- Disconnect your battery
- Power Otput Versus Speed
- Volts, Amps and Watts
- Common Issues and Suggested Solutions
- The Fuse Myth
It's a good rule of thumb whenever you're working the electrical system to disconnect the negative terminal of your battery.
This will prevent a spark when reconnecting the battery. It will also prevent a path back to the battery should you accidentally touch a wire from the positive terminal of the battery to the frame or any other metal on the bike. Of course no one would ever do that. ;)
Remember that your bike has a harder time providing power to the bike and your accessories when the bike is at idle.
When slowing down or stopping it's a good idea to turn off any devices that require a high amount of current (like halogen lighting or heated gear). Your bike's charging system is designed to provide power at running RPMs. If your devices are consuming more power than the bike can provide at idle, you are draining power from the battery.
This one seems to confuse people but there's nothing much to it.
It's called Ohm's Law and he was a cool dude because he came up with a simple relation between these three entities of electricity -- volts, amps and watts. When dealing with wiring you want to be concerned with the amount of current or power a device draws or consumes. That's how you know what to use for a fuse and if the FZ-1 can handle what you're trying to power. So here's a rundown that will hopefully help.
Power is measured in watts. Current is measured in amps. Fuses are rated in amps. Your bike has a 12-volt system. Accessories generally give their power or current rating. Usually you're concerned with how many amps the device draws but if you're only given the amount of power used how do you convert to amps? What about if the opposite is true?
Just apply these simple formulas:
If you don't know what fuse to use it's recommended to use a fuse that's slightly above the amperage rating of the device. Remember that most fuses will operate above their rated amperage (sometimes up to 50% more). If you're unsure, get a fuse close to the device's current rating. If the device is operating normally and it blows the fuse then step the fuse up.
I don't recommend this method but you can do it. It's better to know what the manufacturer recommends.
There are always issues as well as areas of concern with dealing with wiring.
Too Many Connections
Every time you make a connection it has the potential to fail for one reason or another. Keep your connections to a minimum. Butt splices to extend a wire isn't a good idea if you can avoid it. If you do have to extend a wire consider running a new one or use a good butt splice. Posi-Locks are some of the best butt splices I've used. They require no tools, are reusable and make a very solid connection.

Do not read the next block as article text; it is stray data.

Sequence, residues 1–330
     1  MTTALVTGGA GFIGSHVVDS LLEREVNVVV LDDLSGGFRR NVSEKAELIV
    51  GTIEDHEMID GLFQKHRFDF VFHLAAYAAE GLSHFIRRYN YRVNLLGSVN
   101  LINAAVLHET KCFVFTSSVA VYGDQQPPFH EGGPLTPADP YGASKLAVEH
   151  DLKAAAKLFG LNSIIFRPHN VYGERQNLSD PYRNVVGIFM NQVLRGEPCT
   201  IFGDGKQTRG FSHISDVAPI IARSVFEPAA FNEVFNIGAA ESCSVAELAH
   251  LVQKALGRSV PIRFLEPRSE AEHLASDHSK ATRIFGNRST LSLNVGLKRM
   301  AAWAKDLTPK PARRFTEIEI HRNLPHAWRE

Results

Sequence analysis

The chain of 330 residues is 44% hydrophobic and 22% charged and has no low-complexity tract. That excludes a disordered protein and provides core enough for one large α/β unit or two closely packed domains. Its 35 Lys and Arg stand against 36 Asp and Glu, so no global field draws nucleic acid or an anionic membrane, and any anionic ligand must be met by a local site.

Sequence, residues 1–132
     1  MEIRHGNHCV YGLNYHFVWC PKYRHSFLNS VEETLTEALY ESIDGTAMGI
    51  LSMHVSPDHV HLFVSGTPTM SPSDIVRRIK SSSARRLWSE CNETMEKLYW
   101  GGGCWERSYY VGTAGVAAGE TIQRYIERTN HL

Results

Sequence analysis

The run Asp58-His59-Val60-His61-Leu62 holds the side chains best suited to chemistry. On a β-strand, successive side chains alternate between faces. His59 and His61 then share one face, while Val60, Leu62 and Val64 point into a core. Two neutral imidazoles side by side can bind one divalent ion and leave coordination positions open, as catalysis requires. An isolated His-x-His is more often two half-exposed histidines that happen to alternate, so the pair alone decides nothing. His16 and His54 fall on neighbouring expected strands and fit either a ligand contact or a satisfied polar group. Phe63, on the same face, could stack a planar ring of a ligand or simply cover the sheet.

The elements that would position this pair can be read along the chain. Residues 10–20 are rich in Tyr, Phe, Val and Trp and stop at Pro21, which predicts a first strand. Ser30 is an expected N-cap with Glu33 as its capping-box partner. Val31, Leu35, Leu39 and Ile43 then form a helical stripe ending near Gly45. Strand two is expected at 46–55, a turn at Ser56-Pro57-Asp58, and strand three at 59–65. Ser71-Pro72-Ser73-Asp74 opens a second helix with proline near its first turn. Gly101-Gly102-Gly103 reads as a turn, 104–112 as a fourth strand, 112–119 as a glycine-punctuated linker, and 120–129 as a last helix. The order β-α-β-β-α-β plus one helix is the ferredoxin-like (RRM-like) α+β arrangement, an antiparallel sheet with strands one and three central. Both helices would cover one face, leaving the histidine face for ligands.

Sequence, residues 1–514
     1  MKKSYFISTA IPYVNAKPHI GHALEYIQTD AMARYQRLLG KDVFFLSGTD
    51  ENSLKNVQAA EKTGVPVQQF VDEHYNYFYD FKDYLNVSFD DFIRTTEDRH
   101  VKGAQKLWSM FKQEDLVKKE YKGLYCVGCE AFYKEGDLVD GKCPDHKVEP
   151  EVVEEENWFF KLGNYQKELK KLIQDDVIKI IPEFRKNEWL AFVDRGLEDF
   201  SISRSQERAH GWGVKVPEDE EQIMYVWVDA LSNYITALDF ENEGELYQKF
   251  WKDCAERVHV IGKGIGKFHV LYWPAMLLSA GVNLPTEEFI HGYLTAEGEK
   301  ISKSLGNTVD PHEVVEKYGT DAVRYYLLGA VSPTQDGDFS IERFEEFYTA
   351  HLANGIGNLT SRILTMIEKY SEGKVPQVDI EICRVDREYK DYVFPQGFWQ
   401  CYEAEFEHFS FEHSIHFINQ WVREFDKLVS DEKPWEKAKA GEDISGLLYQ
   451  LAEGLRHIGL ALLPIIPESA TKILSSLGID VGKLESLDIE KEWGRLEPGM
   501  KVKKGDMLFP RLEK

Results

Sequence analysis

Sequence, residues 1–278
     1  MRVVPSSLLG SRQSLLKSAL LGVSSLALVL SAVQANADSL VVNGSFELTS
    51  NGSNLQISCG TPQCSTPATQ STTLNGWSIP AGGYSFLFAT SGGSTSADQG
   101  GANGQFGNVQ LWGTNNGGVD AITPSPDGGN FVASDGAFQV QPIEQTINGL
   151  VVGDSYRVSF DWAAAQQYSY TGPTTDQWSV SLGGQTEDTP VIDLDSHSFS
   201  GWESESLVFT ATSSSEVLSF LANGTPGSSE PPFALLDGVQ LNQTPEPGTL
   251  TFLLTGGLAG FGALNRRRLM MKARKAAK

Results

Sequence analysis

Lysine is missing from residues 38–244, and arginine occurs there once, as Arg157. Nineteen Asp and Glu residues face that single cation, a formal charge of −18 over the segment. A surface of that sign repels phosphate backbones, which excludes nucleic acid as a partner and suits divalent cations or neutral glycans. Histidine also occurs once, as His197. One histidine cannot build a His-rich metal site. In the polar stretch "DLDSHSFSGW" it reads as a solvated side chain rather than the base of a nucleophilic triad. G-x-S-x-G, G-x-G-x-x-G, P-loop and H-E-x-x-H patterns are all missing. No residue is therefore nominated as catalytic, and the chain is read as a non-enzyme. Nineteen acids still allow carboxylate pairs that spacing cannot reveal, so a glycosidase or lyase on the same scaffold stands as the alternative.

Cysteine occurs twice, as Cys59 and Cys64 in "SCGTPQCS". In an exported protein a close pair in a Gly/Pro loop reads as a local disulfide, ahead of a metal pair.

When connecting any device there's a flow of current from the positive terminal of the battery, through your device and then to the negative terminal of the battery (okay, all you electrical engineers just back off. You have to go one way or the other so just work with me). Where was I? Oh yeah. If there is a break anywhere along that path the device won't work. When one device loses power most people check the fuse first and then look to see if the power connector is plugged in properly. If it's not one of those, people get lost. A common issue is that the ground wire is not grounded properly. Make sure that the ground wire is touching bare metal, that there's no corrosion on the wire/terminal and that it's securely in place. This is a common problem (no pun).
Eventually you'll have to crimp something while wiring. Crimps are evil things and they make poor connections unless they are done properly. If you're going to use crimp-type terminals get the proper crimper. You can get the generic crimpers at any hardware store but these are usually not sufficient to make a reliable crimp that is going to put up with miles of abuse. Jim at EasternBeaver.com has taken the time to write up an extensive tutorial on crimping. I recommend giving it a read and check out Jim's products while you're there.
It's a myth that a fuse is made to protect the device it is connected to.
A fuse blows when the amount of current it can handle is exceeded. The issue arises when the current is already flowing through the fuse before it blows (which means the device, or a wiring issue, is causing that circuit to draw more current than it should be). Since the current is already flowing through the fuse it is also flowing through the device at the same time. Using the proper amperage of fuse will protect your device but remember, the fuse will only blow when the amount of current the device needs is exceeded.
The fuse also has another purpose and it's more important than protecting the device -- the fuse protects your vehicle.
Remember, if the device starts to draw more current that means there is a short or a wire between the positive and negative terminals of your battery. The wire gets hot and draws an infinite amount of current. That's bad and could cause a fire if there isn't a fuse to protect the circuit. This is same thing circuit breakers do on power strips at home. They don't protect your TV from a surge, they keep your house from burning down. If a surge or short causes the TV to draw a lot of current (which causes heat) it will blow the breaker so the power cord doesn't catch fire.
Protecting your device is important but the fuse is to keep you from frying your bike or, worse, yourself.